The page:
13. Departures • Fire Return Interval Departure = (RImax - TSLF)/RImax • RImax = maximum average return interval for vegetation class • TSLF = time since last fire, yrs • Moderate (0 to –2), high (-2 to –5), and extreme (> -5)

  14. Fire Regime Condition Class • Condition classes (relative to historical fire intervals) • I: No significant departure (<1 fire interval) • II: Moderate departure in fire freq. (>1 interval) • III: Significantly altered fire freq. (by multiple intervals) and vegetation from historical range • In condition class III, critical ecosystem elements may be lost when fires occur. In all condition classes vegetation composition and structure has changed, more for condition class II and the most for condition class III.

  15. Historical Fire Regimes of the United States Version 1.0 Version 2.0 Legend 0-35 yr. frequency, Non-lethal Severity 0-35 yr. frequency, Stand Replacement Severity 35-100+ yr. frequency, Mixed Severity 35-100+ yr. frequency, Stand Replacement Severity 200+ yr. frequency, Stand Replacement Severity Agriculture (Only Version 1.0) Water Barren http://www.fs.fed.us/fire/fuelman

  16. http://www.fs.fed.us/fire/fuelman

  17. Fire history methods

  18. Natural archives of fire history data • Dated fire scars in tree rings: yr and season • Time-since-fire maps reconstructed from ages of trees, usually from even-aged stands burned in stand-replacing fires • Charcoal from sediment in lakes and bogs • Networks of precisely dated fire-scar samples and sites have been used to estimate area burned based upon the proportion of sites scarred in a given year

  19. Fire history from fire-scarred trees • Multiple fire scars from single trees and groups of trees • Works best for surface fires that burned relatively frequently • Cross-date to identify exact year of scar • Prepare surface and magnify to identify season of fire. This is done by examining the cells damaged by fire

  20. Dated fire scars on trees • Low severity fires • Some trees survive • Part of cambium is killed • Crossdate fire scars using dendrochronology (http://web.utk.edu/~grissino/) • Composite dates from multiple individual trees • Calculate fire frequency from distribution of intervals between fires

  21. Strengths of fire-scar data • Extraordinary time depth -- typically 300 to 500 years, and more than 2,000 years in giant sequoia (Swetnam 1993) • Long records encompass extreme events • High temporal resolution: fires are dated to the year, and often season, of occurrence • When accurately dated it is possible to correlate fire events across spatial scales, and to compare the highly synchronized events (or asynchronous events) with independent temporal and spatial data • Can infer other things: climate, suppression-release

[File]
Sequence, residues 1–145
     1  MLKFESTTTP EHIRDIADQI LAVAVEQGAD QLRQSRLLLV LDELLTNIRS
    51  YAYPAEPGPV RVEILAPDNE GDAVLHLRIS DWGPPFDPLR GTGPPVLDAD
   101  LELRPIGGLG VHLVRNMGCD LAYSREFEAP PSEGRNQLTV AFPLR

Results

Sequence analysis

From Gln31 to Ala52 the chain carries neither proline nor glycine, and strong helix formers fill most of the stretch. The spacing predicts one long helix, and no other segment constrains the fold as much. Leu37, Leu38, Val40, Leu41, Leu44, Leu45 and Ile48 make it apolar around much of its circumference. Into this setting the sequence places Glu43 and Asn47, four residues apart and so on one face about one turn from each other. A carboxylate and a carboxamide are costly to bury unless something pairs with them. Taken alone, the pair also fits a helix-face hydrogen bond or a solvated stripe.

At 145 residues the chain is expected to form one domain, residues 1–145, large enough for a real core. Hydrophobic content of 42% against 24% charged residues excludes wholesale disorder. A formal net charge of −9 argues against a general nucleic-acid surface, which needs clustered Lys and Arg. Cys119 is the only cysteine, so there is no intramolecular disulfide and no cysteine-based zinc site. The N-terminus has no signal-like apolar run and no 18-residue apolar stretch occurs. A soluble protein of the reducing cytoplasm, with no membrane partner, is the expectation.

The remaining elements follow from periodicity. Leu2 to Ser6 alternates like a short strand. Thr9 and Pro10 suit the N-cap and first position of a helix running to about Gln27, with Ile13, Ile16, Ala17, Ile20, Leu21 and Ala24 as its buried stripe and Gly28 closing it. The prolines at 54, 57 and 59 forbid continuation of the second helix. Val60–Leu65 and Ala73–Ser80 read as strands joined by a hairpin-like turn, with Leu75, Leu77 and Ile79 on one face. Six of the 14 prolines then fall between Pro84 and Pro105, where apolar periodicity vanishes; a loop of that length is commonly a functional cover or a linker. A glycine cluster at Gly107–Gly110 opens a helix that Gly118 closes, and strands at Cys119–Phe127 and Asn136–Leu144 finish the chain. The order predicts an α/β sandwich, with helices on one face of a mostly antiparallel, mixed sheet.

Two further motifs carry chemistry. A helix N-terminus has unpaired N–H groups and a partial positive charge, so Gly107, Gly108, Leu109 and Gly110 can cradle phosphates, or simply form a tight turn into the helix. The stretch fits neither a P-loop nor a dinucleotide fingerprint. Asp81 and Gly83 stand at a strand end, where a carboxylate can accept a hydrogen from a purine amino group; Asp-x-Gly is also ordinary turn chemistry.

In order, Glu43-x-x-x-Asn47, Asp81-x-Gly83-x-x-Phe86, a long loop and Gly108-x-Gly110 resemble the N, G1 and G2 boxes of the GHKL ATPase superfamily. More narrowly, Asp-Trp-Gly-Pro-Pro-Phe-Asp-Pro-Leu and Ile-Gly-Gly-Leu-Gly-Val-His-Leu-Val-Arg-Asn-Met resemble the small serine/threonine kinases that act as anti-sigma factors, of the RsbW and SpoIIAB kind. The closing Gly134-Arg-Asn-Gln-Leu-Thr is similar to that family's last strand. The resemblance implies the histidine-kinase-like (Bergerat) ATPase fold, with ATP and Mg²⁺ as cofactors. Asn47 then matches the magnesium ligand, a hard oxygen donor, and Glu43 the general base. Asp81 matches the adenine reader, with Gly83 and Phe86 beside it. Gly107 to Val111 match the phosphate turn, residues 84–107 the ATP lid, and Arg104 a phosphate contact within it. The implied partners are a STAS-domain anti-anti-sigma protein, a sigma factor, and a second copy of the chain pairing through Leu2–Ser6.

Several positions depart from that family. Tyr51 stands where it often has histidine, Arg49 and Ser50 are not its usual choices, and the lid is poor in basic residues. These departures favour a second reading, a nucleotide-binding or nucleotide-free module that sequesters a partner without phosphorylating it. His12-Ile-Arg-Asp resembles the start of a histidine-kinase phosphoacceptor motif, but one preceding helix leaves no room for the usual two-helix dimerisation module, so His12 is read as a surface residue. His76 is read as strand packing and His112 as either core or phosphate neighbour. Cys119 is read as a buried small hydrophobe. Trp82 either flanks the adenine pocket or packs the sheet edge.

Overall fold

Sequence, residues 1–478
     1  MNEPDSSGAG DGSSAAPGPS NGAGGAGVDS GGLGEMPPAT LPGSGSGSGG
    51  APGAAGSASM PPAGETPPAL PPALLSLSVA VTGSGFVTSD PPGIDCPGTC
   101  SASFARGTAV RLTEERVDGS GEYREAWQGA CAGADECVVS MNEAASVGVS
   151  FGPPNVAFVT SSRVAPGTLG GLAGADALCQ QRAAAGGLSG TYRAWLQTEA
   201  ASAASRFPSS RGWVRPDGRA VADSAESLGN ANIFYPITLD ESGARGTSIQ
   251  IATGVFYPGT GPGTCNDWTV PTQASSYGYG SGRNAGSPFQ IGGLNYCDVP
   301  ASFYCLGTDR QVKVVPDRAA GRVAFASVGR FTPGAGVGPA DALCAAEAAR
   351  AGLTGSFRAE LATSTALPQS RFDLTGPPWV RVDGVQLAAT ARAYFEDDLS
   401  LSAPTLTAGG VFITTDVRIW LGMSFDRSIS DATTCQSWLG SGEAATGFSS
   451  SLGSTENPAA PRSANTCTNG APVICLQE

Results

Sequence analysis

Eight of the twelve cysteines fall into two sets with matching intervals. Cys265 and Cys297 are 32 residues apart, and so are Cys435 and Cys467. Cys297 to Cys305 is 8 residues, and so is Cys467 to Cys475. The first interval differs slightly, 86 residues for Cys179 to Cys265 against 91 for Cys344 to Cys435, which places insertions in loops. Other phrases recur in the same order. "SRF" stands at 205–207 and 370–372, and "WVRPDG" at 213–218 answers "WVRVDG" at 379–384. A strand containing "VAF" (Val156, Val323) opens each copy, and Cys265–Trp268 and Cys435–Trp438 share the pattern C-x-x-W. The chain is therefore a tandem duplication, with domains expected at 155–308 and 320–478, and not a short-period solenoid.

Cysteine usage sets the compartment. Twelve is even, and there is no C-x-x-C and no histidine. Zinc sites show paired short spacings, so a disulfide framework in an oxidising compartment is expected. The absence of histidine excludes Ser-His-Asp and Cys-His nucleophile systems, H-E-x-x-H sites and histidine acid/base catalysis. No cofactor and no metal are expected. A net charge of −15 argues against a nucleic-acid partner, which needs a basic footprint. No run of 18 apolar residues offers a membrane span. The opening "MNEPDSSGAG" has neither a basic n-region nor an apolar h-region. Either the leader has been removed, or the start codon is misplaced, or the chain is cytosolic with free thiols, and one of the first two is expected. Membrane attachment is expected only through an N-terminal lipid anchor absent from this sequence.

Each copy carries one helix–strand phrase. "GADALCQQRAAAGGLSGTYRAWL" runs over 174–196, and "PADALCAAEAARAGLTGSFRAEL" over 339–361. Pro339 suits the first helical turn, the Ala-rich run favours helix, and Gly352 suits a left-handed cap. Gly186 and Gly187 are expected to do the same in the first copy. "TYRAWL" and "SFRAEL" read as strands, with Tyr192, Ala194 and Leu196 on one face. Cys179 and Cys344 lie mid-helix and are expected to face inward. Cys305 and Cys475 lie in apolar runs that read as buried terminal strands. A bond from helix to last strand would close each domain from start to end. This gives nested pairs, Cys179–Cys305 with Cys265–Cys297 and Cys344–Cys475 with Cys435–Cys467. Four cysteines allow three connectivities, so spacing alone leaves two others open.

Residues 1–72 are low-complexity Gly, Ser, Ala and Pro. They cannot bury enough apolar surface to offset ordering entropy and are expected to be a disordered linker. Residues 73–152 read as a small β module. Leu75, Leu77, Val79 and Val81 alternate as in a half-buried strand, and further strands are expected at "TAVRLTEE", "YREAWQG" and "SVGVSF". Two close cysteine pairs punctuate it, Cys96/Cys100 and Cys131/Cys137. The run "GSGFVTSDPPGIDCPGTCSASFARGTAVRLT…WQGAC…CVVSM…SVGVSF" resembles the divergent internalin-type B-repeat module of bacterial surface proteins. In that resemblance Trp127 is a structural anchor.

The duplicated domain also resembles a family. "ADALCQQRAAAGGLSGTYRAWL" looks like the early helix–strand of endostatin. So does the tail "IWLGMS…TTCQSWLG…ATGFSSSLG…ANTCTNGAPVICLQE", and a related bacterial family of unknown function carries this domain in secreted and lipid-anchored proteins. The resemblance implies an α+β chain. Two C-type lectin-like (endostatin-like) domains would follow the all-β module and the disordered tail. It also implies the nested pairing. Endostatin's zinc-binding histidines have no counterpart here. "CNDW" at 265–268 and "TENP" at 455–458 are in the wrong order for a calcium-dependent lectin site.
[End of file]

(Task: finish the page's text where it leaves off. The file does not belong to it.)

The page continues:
22. Limitations • We know more about fire frequency than fire size, severity, rotation, variability, and other characteristics of fire regimes • Accuracy and precision of fire history data are seldom quantified • Variability of fire regime characteristics over time and space is seldom evaluated • Few fire history data available for grasslands, shrublands and woodlands

  23. Fire history from mixed and stand-replacing fires • Stand age reconstruction • Time-since-fire maps

  24. Time-since-fire maps • Stand-replacing fires • Even-aged cohorts of trees established post-fire • Assume patch age-class distribution is relatively stable over time (steady-state shifting mosaic) • Assume frequency of disturbance is spatially homogeneous, stationary Poisson process • If small, old stands are not detected or aged accurately, the frequency of disturbance is overestimated

  25. Human archives • Operational databases of fire occurrence • Atlases: maps of fire perimeters and locations • Remotely sensed fire location, perimeter and severity • Interviews, personal diaries, or literature searches • Land survey records • Aerial photographs • The National Interagency Fire Management Integrated Database (NIFMID)